Sleeping Too Little <em>Or</em> Too Much May Be Bad For Your Health

Sleeping Too LittleToo Much May Be Bad For Your Health

Under- and over-sleeping are both linked with chronic health conditions, such as diabetes, heart disease and obesity, according to a new study.

The research, published in the journal SLEEP, shows an association between sleeping six hours or fewer or 10 hours or more a night with an increased prevalence of chronic conditions, among people ages 45 and older.

"Sleeping longer doesn't necessarily mean you're sleeping well. It is important to understand that both the quality and quantity of sleep impact your health," study researcher Janet B. Croft, Ph.D., a senior chronic disease epidemiologist at the Centers for Disease Control and Prevention's Division of Population Health, said in a statement. "A healthy, balanced lifestyle is not limited to diet and fitness; when and how you sleep is just as important as what you eat or how you exercise."

For the study, researchers looked at sleep duration and prevalence of chronic health conditions among 54,269 adults ages 45 and older who were part of the 2010 Behavioral Risk Factor Surveillance System survey. Around 31 percent of the people in the study reported getting six or fewer hours of sleep a night, 64.8 percent reported getting seven to nine hours a night, and 4.1 percent reported getting 10 or more hours of sleep a night.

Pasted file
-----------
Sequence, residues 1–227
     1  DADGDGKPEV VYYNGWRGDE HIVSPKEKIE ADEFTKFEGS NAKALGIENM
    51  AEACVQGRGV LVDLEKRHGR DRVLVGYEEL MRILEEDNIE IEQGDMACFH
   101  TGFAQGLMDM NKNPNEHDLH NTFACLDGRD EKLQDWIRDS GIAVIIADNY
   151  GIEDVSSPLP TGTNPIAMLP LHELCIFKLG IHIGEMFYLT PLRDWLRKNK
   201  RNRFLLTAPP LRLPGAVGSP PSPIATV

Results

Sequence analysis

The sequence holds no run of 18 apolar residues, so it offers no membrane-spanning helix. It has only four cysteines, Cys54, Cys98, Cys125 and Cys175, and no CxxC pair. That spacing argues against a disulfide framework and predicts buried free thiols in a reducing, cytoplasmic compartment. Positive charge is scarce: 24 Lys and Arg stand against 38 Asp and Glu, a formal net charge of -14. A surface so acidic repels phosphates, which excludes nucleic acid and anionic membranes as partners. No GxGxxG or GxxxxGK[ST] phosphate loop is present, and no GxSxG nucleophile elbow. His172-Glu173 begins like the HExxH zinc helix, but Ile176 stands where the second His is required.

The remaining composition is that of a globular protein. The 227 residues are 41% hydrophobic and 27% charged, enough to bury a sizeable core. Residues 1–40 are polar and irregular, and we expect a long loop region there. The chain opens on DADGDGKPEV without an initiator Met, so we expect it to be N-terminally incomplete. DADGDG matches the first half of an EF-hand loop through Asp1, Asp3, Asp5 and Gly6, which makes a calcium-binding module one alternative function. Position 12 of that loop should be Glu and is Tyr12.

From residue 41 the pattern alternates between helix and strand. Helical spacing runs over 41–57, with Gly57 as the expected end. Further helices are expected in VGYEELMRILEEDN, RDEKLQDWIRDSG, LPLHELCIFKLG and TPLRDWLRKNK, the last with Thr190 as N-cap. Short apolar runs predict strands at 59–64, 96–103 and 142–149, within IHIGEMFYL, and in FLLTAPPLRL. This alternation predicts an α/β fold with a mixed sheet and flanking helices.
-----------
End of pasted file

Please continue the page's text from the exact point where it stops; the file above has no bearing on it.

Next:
Researchers found that getting six or fewer or 10 or more hours of sleep a night was linked with obesity, frequent mental distress, stroke, diabetes and heart disease, even after taking into account other potential risk factors.

"Further prospective studies are needed to determine how mental health and maintenance of a normal weight may interact with sleep duration to prevent chronic diseases," researchers wrote in the study.

This isn't the first time health problems have been linked with getting too little and too much sleep. A study presented at the American College of Cardiology's 61st Annual Scientific Session last year showed that getting six or fewer, or eight or more hours of sleep a night raises the risk of heart problems.

While everyone's sleep needs will differ, the National Sleep Foundation recommends adults generally get between seven and nine hours a night.

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